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The domino effect of lameness

Gary Hennip Published on 19 July 2012

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As I visit dairy farms across Pennsylvania in my role as a Penn State Dairy Extension Team member, two dairy cow health-related problems persist on many of the farms – lameness and delayed pregnancies due to various reproductive issues.

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According to an extension article updated on January 27, 2011, studies completed in the state of New York have shown lameness to cost $90 per cow per year on average.

Interestingly, the review of an article written by John F. Smith, an Extension Dairy Specialist, suggests that a delay in pregnancy of 30 days may result in a loss of $90 per cow per year, based on a loss of $3 per cow per day for open cows beyond 90 days post calving.

Can lameness ($90 per cow per year) add to reproductive problems ($90 per cow per year) in dairy herds we are working with, resulting in a multiplying effect on loss to profitability?

In the proceedings of the 2011 Dairy Cattle Reproduction Council’s annual meeting, Dr. Jeffrey Defrain, Dr. Michael Socha and Dr. Dana Tomlinson, Zinpro Inc ., present a review of several research articles that provides an answer to this question.

Here are some of the major conclusions they cited from studies conducted on this topic:

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One study from the 1980s found that lameness was associated with a longer interval between calving and first-service breedings. The largest increase (17 and 30 days) occurred in cows with either sole or white line lesions that were occurring in early lactation.

The study also found that conception rates were lower in lame cows (31 percent) compared to other healthy cows (40 percent).

A more recent study found lameness increased the time period from calving to conception three times greater than the estimates reported in the ’80s.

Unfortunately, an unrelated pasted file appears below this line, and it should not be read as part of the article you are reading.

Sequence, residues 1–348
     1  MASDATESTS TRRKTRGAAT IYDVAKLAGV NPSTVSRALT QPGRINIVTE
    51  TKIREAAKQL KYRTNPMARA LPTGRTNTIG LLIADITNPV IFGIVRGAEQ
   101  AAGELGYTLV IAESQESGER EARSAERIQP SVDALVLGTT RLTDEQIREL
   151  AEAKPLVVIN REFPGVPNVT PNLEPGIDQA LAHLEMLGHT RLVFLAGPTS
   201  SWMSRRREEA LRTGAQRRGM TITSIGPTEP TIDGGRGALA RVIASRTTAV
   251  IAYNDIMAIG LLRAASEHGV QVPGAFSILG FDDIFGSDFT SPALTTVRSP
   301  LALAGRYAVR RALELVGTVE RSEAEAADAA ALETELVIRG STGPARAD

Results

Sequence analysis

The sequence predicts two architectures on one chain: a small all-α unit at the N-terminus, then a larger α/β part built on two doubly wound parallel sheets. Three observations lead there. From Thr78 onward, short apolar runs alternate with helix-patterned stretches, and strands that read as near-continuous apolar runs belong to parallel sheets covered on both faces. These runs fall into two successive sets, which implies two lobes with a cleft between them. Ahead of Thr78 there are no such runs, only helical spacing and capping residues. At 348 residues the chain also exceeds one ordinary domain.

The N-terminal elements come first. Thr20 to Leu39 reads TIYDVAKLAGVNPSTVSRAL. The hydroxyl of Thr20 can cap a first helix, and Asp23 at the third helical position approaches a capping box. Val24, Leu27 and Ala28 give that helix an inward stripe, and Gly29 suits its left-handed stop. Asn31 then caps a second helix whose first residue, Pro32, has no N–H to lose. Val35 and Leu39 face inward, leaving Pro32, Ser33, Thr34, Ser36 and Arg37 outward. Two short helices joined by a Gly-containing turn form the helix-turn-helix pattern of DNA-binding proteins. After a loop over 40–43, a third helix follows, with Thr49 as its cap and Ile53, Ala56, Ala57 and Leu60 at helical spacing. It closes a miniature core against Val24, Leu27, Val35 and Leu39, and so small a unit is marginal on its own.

A study from the ’90s examined data for cows scoring 3 or higher on the five-point dairy cow locomotion scoring system.

These cows were 2.8 times more likely to have increased days to first service, 15.6 times more likely to have increased days open and 9.0 times more likely to have increased services per conception. These cows were also 8.4 times more likely to be culled from the herd.

A 2000 study found cows with abscesses/sole ulcers were open 63 days longer than healthy cows exhibiting no lameness issues.

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In 2003, research showed that cows clinically lame due to a claw disorder in the first 30 days post- calving had a 58.9 percent decrease in first-service conception rate and an increase in the incidence of ovarian cysts.

With these studies in mind, it is apparent that dairy producers should deal promptly with dairy cow lameness, not only because of the economic losses due directly to lameness issues, but also because of the economic losses due indirectly to lameness as it relates to increased days open and other reproduction factors. PD

References omitted due to space but are available upon request. Click here to email an editor.

—Excerpts from Penn State Dairy Digest , June 2012

Gary Hennip
Dairy Extension Educator
Penn State Extension Dairy Team

PHOTO
Can lameness ($90 per cow per year) add to reproductive problems ($90 per cow per year) in dairy herds we are working with, resulting in a multiplying effect on loss to profitability? Photo courtesy of PD Staff

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